The RHS Garden Harlow Carr column with Liz Thwaite

Harlow Carrs woodland is starting to come alive with vibrant colours as we move into autumn.
Harlow Carrs woodland is starting to come alive with vibrant colours as we move into autumn.

I’m surprised to see some early signs of autumn already taking hold in the garden, due largely to the dry spring and rather unpredictable summer. The leaves on many of our trees – including the maples (Acers) and spindles (Euonymus) – are beginning their annual transformation from a summer palette of greens to reddish hues as the days shorten and low light levels start to make their presence felt.

The woodland is a beautiful spot at any time of the year, but as autumn progresses, it comes alive with fiery reds, rustic bronzes and vibrant shades of amber and gold.

The woodland garden team has been hard at work over the past 18 months, working to achieve our curator’s vision to create a ‘perfect woodland garden’ at Harlow Carr by introducing a greater diversity of plants and wildlife as well as year-round beauty and colour.

The aim is to keep a traditional woodland walk feel but with more open vistas, a lighter, airier atmosphere and more stumble-across glimpses through the trees to pockets of colour and interest that visitors simply have to investigate further.

It’s all about light and space and combining the natural beauty of the woodland with the changing light through the seasons.

To achieve this, the team is thinning out some of the trees to allow our beech and oaks more space to be appreciated, whilst keeping a handful of craggy, damaged trees to serve as bat roosts and bird nesting sites.

New species have been added to improve the diversity of the Woodland and introduce more striking colour, particularly in the autumn.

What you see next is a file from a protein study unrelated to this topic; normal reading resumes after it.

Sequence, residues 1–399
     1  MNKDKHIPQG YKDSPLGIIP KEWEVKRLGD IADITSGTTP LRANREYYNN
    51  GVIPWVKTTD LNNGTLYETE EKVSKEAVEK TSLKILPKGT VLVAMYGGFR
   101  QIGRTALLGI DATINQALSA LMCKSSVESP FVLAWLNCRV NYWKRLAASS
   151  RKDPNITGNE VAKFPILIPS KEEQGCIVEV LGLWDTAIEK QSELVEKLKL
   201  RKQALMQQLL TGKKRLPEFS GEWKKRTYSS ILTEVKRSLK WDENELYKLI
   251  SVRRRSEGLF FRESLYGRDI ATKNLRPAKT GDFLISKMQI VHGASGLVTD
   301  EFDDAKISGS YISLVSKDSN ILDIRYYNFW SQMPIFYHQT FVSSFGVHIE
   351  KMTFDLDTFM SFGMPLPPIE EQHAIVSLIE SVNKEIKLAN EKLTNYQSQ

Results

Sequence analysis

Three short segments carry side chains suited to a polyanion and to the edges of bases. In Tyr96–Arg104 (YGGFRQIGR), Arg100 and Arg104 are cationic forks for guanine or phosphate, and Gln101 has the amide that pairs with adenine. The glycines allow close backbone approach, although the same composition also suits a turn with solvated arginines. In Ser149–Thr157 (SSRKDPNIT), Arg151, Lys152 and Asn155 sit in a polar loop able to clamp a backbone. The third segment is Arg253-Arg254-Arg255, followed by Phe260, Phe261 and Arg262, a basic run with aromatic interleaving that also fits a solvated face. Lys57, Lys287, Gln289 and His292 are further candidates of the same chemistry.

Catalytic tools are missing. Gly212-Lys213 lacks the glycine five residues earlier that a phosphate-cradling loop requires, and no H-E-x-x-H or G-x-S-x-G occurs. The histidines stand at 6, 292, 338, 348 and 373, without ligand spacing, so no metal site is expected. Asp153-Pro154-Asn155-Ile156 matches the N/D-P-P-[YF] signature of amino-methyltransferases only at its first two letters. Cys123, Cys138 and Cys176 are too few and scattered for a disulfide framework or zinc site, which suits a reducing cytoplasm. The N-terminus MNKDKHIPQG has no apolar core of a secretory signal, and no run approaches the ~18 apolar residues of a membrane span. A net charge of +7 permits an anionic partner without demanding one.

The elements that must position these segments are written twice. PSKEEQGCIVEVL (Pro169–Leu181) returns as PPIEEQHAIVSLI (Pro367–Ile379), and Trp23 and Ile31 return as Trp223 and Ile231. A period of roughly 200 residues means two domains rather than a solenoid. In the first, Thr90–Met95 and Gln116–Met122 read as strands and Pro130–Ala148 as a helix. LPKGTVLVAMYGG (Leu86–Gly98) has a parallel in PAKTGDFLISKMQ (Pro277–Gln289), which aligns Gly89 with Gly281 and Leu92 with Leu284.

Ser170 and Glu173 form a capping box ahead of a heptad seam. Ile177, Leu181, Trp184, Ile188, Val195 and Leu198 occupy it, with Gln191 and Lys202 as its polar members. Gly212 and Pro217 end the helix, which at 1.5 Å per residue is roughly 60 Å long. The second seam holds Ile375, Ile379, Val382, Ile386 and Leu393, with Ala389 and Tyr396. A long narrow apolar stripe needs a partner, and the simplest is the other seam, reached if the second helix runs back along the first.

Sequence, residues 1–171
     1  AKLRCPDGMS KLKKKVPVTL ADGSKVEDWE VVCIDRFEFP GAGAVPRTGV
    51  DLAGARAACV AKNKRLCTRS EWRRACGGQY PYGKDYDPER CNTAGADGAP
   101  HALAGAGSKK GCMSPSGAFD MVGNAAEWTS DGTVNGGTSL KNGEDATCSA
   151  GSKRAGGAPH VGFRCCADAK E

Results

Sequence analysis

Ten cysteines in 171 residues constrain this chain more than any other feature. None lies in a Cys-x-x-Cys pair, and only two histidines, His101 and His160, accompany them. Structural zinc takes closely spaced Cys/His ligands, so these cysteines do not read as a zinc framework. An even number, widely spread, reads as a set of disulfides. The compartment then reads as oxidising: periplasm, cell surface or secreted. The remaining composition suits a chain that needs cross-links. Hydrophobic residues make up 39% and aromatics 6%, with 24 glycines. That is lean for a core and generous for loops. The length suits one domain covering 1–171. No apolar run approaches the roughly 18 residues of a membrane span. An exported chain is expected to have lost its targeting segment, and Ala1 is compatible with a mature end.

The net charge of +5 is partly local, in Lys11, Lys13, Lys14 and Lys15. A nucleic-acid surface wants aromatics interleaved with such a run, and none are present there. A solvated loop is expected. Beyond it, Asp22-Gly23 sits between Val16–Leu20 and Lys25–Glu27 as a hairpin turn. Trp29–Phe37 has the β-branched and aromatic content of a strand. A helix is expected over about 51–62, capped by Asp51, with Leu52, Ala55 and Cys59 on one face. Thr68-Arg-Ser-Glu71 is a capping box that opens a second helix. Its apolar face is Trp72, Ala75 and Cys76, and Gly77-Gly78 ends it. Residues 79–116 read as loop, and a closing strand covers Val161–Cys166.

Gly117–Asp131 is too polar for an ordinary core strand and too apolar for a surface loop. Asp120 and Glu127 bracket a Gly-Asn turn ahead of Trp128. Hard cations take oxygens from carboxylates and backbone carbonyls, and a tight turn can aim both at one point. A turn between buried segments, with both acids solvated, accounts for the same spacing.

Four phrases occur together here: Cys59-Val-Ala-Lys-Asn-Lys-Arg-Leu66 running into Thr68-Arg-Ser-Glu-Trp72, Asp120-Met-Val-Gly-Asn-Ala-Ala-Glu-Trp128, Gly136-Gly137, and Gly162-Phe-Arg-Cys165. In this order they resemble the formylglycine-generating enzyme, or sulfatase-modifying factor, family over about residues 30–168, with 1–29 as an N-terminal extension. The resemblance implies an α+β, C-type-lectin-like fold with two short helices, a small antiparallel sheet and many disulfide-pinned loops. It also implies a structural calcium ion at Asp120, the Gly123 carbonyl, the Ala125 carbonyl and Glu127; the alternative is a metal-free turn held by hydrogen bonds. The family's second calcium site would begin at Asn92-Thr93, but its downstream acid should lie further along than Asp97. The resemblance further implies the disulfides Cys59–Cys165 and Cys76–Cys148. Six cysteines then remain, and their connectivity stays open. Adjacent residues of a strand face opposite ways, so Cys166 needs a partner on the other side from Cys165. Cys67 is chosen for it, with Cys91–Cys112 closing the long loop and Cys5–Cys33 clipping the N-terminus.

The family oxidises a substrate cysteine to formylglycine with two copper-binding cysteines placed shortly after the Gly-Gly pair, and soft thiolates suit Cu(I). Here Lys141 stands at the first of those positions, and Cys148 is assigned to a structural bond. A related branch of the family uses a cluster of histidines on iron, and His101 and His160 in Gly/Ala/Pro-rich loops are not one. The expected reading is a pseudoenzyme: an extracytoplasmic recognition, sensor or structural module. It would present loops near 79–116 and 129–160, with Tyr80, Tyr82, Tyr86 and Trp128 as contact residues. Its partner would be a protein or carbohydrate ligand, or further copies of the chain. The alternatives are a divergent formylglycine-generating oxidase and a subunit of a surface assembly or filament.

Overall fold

Some of the rarer trees worth seeking out include a delightful clump of deciduous false camellias (Stewartia pseudocamellia) with their lovely mottled bark and orange-red leaves, and the butter-yellow colours of our katsura trees (Cercidiphyllum japonicum) whose decaying leaves smell of toffee apples in October. The Arboretum is the spot to find specimen trees, including collections of conifers and beech. Don’t miss the mountain ash trees (Sorbus) which are at their very best in autumn when the leaves redden and the berries shine.

Underplanting is a key feature of the new-look woodland: more than 90,000 snowdrops and 90,000 bluebells have been planted en masse over the last few years.

The plan is to create two ‘blue’ corridors: one will run from Southfield, the area just above the Queen Mother’s Lake, through to the former Harrogate Arms, which is due to be redeveloped; the other corridor will connect Valley Gardens in Harrogate town centre, through the Pinewoods – in partnership with the Pinewoods Conservation Group – and into the garden.

Visitors can discover the beauty and diversity of Harlow Carr’s Woodland at a three-day Festival of Trees and Wood from 29 September to 1 October. The Yorkshire Carver will breathe new life into an old beech tree by creating a totem pole – complete with bugs, bats and woodland creatures – which will become a permanent garden feature for families to enjoy. Power tool manufacturers Stihl will offer a range of demos including chainsaw sculpting.

There’s also a chance to see shire horses at work, learn traditional wood crafts such as whittling, willow weaving and hurdle making or simply seek out the hidden glades, rare trees and Arboretum collections and find out about the best options for your own garden during a talk and walk with the experts.

Don’t tell spring, but autumn is my favourite season!